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#050: Metronome Methods For The Unconvinced

Tick, tick, tick, tick…the constant click of a metronome could conceivably drive a person crazy. I am now - although I wasn’t always - a metronome fan. Though this may sound crazy to some of you, the metronome is my favorite practice tool because it helps me fix errors, create flow and it gives me time to play a piece or a tricky passage correctly.

I realize that this may not be your experience with the metronome. Maybe your feeling about it is more like this:

If you’ve seen the classic movie Ben Hur, you already know what I’m talking about. If you haven’t, let me set the scene for you.

At one point in the tale, our hero Judah Ben Hur is a galley slave on a Roman ship, chained to an oar with several other slaves. The entire hold of the ship is filled with men chained to oars; they are the engine of the ship. In order for the slaves to generate enough power to move the ship, it is essential that they row in a coordinated way. So at the front of the galley is a man beating a drum. He sets the tempo for the rowers. When the ship enters into battle, the drummer picks up the pace. Slaves collapse left and right trying to keep up. Does this sound like your metronome experience, only without the sweat and starvation?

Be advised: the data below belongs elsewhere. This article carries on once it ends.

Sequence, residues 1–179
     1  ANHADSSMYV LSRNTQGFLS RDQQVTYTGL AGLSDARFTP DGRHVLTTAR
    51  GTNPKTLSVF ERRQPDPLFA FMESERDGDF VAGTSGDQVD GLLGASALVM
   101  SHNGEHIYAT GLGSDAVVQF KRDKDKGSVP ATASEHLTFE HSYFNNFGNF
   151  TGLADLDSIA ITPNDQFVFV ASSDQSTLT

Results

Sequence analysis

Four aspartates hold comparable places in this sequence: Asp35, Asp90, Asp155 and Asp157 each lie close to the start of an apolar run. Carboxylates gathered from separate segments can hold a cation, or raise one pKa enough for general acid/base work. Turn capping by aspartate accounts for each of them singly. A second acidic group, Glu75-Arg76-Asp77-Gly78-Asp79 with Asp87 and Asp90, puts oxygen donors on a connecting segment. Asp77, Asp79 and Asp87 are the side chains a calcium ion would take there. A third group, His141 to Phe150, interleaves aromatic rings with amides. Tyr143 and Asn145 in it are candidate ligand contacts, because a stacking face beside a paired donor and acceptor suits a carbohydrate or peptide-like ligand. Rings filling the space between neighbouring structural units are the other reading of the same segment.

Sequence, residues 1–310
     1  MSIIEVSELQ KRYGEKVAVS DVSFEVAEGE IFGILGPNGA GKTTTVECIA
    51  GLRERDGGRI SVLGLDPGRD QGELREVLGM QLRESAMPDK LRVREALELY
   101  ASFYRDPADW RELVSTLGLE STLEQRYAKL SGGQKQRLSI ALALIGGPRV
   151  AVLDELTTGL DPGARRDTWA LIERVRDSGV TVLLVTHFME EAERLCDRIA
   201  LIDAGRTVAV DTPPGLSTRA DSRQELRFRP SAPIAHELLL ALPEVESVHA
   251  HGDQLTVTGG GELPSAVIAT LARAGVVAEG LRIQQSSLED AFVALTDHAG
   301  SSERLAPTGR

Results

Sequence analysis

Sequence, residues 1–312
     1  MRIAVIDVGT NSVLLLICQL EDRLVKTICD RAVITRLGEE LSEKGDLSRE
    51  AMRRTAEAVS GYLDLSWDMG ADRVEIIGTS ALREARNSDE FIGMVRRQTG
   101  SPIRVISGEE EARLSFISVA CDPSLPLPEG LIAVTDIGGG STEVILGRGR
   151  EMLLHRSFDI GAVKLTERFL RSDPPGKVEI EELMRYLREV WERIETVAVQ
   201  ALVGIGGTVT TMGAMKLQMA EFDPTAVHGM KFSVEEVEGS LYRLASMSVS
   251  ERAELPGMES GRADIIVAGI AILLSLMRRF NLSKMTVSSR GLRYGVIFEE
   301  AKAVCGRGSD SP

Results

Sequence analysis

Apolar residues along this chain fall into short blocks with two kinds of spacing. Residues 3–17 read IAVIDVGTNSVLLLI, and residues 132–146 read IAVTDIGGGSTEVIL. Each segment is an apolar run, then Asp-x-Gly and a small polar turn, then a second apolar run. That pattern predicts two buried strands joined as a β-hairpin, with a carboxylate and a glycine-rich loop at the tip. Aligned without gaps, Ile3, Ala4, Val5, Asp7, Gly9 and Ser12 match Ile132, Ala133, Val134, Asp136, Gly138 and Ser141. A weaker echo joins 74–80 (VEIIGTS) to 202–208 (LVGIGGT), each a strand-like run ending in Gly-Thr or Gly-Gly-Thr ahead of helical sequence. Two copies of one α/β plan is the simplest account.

Apparently, this depiction isn’t historically accurate, but it may be accurate enough if your metronome feels like a slave driver. Actually the Latin word used in the movie for the drummer is hortator. Our word “exhort” meaning to urge or advise comes from the same root. Hortator can also mean encourager. You may not be ready to think of your metronome as a friendly encourager just yet, but I hope to give you a glimpse of that today.

We’ll talk about the best use of the metronome - and it’s NOT for speeding up - plus I will share two of my favorite ways to use the metronome to help me play more musically. Even better, if you’ve never been able to use a metronome before, you’ll learn exactly how to do it. That’s right. I will actually teach you how to work with your metronome and why it’s important. Stick with me here; I can pretty much guarantee you will love this.

Links to things I think you might be interested in that were mentioned in the podcast episode: 

Get involved in the show! Send your questions for future podcast episodes to me at [email protected]


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